These findings, however, also raise other serious questions about how such major discrepancies impact upon the real world and whether they arise by accident or by design.
Dead to the data: a double disappearance
This lack of consistency in the numbers has a political function of social control, albeit one that may derive from the daily practices of the state rather than planned policy. Attempts to access information show how security institutions work in contexts of widespread violence, with a tendency towards fuzzy record-keeping practices when it comes to “uncomfortable” issues such as human rights violations.
Similar mechanisms have been used in the past to create vague concepts, terminology, and statistics around atrocities. For instance, during the political violence committed against social movements from the 1960s to the 1980s, the records of Mexico’s National Security Directorate (DFS) used euphemisms – such as “package”, “detained”, or simply bare numbers – to document disappearances. Similar techniques were applied by other security institutions elsewhere in Latin America, as in the case of Guatemala’s National Police.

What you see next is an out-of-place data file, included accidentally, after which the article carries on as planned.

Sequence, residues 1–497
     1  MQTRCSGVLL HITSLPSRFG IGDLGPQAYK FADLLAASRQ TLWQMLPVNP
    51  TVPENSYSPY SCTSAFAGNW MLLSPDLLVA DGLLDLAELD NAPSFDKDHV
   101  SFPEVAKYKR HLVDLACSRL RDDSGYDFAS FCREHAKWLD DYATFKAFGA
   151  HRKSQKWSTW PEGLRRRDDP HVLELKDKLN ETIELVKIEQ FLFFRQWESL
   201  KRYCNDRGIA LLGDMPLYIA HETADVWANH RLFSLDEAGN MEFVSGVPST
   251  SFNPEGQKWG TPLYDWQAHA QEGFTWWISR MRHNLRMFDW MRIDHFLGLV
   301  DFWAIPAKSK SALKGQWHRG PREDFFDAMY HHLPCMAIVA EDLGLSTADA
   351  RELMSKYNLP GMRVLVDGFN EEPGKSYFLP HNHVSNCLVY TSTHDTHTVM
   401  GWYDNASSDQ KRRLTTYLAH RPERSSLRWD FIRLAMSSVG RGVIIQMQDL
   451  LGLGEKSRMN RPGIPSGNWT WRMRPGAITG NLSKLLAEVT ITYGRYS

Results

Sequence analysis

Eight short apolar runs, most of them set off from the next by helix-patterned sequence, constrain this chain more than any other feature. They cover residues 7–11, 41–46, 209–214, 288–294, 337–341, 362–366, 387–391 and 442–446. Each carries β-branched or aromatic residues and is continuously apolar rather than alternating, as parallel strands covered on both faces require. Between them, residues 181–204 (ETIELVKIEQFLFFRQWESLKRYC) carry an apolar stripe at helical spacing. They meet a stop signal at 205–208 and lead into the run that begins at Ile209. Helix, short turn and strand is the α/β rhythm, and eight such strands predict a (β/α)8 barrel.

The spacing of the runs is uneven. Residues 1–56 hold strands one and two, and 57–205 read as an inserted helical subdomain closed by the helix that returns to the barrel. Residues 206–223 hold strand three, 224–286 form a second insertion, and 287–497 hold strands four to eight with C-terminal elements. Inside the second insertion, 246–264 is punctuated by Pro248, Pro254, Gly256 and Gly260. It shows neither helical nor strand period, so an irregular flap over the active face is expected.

Missing people act as a reminder of impunity and the failure of the justice system in regimes both dictatorial and democratic. But while the disappeared serve to keep the past open, institutional opacity and uncertainty represent an attempt to close off the past and erase memory. In the end, these practices hinder victims’ claims and inhibit broader political pressure from civil society, as unclear records make it impossible to gauge the scale of the crisis and formulate appropriate demands for justice.